WASHINGTON - Your taxes may be going up in the next few years.
Congress has voted against keeping President Bush's tax cuts in its new budget plan.
In the House, leaders voted Thursday to kill the Bush tax cuts when most expire at the end of 2010. The Senate didn't go quite that far, but voted to cut about half of them.
These were non-binding resolutions, however. The Democrats suggested they'll renew tax cuts for the middle class when the time comes by raising taxes on corporations and closing tax loopholes for the rich.
At the same time as killing tax cuts, Congress is voting for big increases in domestic programs.
On Thursday, the Senate also refused to pass even a one-year moratorium on earmarks, those pet projects lawmakers sneak into the budget to the tune of tens of billions of dollars every year.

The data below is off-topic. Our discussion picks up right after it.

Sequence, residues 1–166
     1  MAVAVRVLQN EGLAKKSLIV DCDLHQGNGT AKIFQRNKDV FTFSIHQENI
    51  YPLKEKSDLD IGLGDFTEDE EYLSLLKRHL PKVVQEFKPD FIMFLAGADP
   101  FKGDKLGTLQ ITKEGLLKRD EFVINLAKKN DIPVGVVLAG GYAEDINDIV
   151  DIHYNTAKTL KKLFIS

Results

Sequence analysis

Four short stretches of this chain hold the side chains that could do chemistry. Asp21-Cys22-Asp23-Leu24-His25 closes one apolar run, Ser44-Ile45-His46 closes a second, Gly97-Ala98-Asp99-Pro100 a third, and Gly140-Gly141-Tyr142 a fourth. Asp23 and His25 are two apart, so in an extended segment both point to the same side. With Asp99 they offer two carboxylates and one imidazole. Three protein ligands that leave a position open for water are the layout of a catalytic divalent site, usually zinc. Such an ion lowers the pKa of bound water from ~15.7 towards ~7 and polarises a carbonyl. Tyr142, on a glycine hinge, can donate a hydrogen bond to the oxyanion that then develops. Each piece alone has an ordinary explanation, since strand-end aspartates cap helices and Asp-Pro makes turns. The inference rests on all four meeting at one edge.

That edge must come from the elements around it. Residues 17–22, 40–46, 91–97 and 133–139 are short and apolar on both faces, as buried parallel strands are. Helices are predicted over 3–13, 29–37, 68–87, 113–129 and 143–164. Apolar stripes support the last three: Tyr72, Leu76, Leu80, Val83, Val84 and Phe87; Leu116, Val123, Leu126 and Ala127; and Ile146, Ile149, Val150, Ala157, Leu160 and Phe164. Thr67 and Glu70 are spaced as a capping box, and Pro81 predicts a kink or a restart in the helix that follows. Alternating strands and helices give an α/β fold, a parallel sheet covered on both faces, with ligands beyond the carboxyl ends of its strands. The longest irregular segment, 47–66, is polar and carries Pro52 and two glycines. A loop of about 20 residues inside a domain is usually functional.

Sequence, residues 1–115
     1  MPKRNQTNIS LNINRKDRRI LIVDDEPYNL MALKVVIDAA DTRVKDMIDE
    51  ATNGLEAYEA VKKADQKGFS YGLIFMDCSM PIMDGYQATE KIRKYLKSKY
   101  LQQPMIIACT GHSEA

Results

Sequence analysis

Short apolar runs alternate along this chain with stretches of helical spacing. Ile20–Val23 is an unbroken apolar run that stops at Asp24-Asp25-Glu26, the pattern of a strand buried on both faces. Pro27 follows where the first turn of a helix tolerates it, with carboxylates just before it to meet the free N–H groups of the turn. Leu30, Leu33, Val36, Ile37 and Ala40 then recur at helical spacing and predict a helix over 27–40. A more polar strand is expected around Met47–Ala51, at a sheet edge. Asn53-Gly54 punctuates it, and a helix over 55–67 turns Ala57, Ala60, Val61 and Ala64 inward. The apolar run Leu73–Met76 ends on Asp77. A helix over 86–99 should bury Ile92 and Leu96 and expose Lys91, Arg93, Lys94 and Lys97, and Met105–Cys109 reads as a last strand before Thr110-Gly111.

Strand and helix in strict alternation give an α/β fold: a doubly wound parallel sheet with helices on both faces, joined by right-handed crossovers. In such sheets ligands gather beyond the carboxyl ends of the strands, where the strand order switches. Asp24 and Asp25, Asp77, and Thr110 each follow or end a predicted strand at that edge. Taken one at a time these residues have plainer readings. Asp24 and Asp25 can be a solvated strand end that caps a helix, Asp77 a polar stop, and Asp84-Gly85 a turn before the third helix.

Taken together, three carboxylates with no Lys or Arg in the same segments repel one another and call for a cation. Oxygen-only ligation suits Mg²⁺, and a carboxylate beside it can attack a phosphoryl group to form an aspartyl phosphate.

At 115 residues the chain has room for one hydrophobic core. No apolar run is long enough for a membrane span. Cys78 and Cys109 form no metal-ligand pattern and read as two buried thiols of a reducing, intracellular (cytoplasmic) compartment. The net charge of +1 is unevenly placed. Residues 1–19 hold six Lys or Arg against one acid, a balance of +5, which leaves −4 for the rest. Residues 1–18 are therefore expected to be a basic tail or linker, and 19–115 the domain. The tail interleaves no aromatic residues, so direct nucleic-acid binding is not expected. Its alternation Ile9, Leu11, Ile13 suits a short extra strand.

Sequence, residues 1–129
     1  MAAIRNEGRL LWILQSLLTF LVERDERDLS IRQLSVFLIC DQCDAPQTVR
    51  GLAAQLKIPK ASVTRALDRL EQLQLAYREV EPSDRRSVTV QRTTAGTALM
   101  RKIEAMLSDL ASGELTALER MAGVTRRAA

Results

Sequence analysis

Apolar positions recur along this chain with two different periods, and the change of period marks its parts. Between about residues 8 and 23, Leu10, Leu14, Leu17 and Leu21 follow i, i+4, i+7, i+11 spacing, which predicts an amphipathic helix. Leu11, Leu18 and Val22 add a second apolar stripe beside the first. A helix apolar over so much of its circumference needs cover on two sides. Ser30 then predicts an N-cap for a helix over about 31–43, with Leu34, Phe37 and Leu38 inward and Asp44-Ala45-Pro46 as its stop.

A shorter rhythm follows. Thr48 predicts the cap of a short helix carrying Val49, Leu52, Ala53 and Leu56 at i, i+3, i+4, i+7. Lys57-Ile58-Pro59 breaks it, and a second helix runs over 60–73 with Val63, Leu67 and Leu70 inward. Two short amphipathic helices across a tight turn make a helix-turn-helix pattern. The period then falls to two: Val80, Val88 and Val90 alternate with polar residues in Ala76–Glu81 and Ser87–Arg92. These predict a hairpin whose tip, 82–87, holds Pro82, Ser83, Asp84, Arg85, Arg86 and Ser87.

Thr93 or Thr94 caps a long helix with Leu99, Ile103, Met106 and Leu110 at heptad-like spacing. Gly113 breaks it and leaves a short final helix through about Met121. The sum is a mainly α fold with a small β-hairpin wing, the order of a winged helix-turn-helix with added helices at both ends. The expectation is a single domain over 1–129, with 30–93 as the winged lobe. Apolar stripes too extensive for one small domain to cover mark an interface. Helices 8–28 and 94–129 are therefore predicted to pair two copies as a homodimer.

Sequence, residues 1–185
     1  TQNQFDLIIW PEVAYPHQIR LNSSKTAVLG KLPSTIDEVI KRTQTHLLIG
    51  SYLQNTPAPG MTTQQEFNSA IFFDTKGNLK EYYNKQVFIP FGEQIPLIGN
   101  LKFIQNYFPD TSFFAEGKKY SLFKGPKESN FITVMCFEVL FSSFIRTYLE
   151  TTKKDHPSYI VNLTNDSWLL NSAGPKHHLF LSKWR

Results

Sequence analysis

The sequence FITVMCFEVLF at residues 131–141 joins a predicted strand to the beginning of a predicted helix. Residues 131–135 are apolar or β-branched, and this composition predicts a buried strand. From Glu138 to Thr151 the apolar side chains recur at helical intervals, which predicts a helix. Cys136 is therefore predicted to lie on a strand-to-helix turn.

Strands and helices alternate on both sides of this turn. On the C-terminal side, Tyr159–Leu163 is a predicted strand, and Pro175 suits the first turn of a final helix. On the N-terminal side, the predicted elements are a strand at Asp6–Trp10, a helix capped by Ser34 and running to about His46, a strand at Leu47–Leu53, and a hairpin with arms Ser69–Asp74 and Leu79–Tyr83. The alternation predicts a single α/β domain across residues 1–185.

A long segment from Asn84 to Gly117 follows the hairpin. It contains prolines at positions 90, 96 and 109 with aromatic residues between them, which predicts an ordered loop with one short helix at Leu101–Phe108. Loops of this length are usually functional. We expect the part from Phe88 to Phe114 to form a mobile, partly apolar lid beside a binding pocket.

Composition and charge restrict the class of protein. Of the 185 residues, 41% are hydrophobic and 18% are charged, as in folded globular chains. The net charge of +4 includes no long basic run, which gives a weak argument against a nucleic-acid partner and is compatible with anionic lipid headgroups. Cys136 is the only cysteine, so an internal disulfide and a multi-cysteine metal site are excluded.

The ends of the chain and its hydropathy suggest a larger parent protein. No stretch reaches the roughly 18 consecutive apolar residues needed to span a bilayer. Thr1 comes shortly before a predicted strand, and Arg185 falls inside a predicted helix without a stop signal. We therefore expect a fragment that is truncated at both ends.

Earmarks have exploded in number and cost in recent years, accompanied by charges of abuse and public outrage.
"Too many senators have confused the founding fathers of the earmark favor factory with the Founding Fathers of the United States of America," said Sen. Tom Coburn, R-Okla.
Ending earmarks has been a decades-long crusade for Sen. John McCain, who blasted his colleagues after the vote.
"This may be the last bastion in America where they don't get it, that Americans are sick and tired of the way we do business here in Washington and they're going to demand change," McCain said.
In a rare show of unity, both Democrats Barack Obama and Hillary Clinton joined in voting to put a one-year hold on earmarks. Both have used earmarks in the past.
And neither is on-board with McCain's call for huge cuts in federal spending.
In fact, with Congress' budget votes Thursday, if either Obama or Clinton win the presidency, it seems hikes in spending and the end to many of the Bush tax cuts are a sure thing.
Which is why the fight over federal spending and tax cuts may become one of the biggest issues yet when McCain goes head-to-head with either Obama or Clinton this fall.
Sources: CBN News, The Associated Press